Friday, November 20, 2009

Knitting conundrum solved. Simply.

Simply Embracing Simplicity

Several years ago, I finally took needles and yarn in my fists and applied the lessons of my grandmothers. I learned to knit. Like many, I began with the simple scarf in stockinette stitch. I don’t know what it was, but after several false starts in previous years, this time I was hooked. Soon I was pouring over my McCall’s Needlework Treasury and teaching myself different stitches and trying new patterns. I moved on to hats, mittens, and finally socks. Last year I even successfully knit a baby sweater.

If I’m sitting still, I’m clicking away with needles. While watching movies, visiting with family and friends, in the car, and on occasion, even in the dark! I’ve taken to keeping my headlamp, normally used only for camping and backpacking, in my knitting back. Just in case. I know I’m not the only one.

I love to peruse knitting sites like ravelry.com hunting for new, more challenging patterns. Like many of you, I am not content to knit the same pattern over and over. I want more difficult projects, pushing myself to try new things, to become a better knitter.

But recently I’ve been pushing harder and the needles have been clenched in frustrated fists, yarn knotting in thick snarls. I’ve frogged (rip-it! rip-it!) more sorry socks this past few weeks than ever before. And they were not a tough pattern, either. Annoyed and uninspired to pick up projects that were only bound to cruise toward disaster, I actually watched a couple movies, and the only stitches were in my ribs! When I did pick up my needles and yarn, I only knit a few rows before putting it aside. This was not right.

Then one day a friend hinted that I’d promised him a hat. I’d been putting off this simple project for too long. Knowing I’d be seeing him soon, so I grabbed some favorite worsted-weight wool from Scarecrow Farms in mountain berry red. Perfect for the avid backpacker who would wear it.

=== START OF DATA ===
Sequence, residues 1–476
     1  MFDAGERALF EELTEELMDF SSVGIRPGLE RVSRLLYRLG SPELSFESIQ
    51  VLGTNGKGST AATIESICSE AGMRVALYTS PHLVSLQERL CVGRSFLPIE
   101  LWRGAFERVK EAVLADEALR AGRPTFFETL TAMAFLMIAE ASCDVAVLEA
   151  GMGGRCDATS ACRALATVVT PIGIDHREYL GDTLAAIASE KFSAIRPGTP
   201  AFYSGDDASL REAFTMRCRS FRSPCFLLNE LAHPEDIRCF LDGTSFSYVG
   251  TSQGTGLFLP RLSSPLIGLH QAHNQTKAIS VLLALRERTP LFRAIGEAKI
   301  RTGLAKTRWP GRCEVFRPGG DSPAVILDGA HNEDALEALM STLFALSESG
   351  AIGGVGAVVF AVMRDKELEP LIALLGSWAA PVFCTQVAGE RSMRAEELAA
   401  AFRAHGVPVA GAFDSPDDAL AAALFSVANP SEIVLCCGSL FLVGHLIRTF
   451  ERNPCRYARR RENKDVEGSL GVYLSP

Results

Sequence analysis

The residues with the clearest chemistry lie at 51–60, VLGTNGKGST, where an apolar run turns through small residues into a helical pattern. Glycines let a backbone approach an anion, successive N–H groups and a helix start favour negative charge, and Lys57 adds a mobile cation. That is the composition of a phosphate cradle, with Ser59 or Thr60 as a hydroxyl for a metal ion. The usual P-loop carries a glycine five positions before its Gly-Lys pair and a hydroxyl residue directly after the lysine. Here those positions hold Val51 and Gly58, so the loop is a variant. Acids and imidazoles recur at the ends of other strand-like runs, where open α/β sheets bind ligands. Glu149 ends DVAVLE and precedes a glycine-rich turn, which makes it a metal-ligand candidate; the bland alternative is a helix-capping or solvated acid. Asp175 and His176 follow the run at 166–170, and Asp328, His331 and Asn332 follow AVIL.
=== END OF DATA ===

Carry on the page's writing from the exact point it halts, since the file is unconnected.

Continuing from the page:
As I cast on the familiar number of stitches, I noticed a difference right away. The tension I normally hold in my shoulders eased immediately, I got into a relaxing rhythm of knitting. It was good. I finished the hat just in time to give it to my grateful friend, who put it on right away, smiling. It looked great on him, and I loved how the pattern of simple stitches let the nuances and more subtle hues of the red wool shine through. It was good.

I will never cast aside the simple knitting pattern again. There is just as much to admire in a lovely roll-rim hat as in a cabled sock. And that is perhaps one of the greatest beauties of knitting.

Check out other great fiber arts at Fiber Arts Friday!
(Original post at Hudson Valley Fiber Webs)

9 comments:

Elephunk said...

Wonderfully written post! I guess the value of the simple things in life applies to knitting patterns too :)

Miss Julep said...

True, true! Knitting up a simple pattern in simple yarn can be very satisfying & relaxing.

非凡 said...

I'm appreciate your writing skill.Please keep on working hard.^^

the redhead said...

Thanks to all of you for stopping by my humble spot on the web & for your comments!

nerys1a said...

Very well written. The simplest patterns are often the best. At the very least they'll soothe.

~spindle

the redhead said...

Thank you! Yes, I must remember the words of the sage Kenny Rogers: "You got to know when to hold 'em, know when to fold 'em..." (Oh, um, sorry for the vicious earworm.)

Alpaca Farmgirl said...

Thanks you for this thoughtful post. Great insight. Glad you shared with Fiber Arts Friday!

Kate said...

So true, so true - those familiar patterns and simple stitches can be wonderfully therapeutic.

Lionel Messi said...

Nice theme
gracias